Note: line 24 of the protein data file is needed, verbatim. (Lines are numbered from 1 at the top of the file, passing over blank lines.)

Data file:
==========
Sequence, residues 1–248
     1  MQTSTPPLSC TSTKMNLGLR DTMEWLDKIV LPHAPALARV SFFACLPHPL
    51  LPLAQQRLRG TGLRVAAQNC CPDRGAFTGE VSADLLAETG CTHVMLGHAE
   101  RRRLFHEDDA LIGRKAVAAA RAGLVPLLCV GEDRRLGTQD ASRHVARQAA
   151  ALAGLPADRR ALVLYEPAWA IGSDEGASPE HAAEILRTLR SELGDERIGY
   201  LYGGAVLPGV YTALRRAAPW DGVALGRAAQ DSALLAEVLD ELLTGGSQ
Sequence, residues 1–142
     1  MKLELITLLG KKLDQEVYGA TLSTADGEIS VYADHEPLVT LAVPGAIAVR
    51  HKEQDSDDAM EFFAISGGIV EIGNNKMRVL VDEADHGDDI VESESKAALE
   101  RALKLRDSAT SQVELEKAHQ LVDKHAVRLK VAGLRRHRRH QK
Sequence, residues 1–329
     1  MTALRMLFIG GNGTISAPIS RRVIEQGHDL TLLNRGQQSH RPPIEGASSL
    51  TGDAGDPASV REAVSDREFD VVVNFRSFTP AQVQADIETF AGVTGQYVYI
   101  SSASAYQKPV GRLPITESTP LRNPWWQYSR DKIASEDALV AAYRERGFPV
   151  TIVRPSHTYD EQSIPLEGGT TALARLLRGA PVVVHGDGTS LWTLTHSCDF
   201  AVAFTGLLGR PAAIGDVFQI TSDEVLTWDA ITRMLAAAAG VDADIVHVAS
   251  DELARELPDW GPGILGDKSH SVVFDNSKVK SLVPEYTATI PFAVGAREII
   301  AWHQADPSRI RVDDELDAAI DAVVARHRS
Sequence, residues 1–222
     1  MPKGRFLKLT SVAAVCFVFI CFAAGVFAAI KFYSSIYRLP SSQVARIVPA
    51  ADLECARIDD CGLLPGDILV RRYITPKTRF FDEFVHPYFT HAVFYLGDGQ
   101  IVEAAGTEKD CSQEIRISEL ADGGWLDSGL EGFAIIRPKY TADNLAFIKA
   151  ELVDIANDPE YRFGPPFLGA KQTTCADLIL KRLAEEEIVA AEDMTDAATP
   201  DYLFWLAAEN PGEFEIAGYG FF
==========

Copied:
   201  DYLFWLAAEN PGEFEIAGYG FF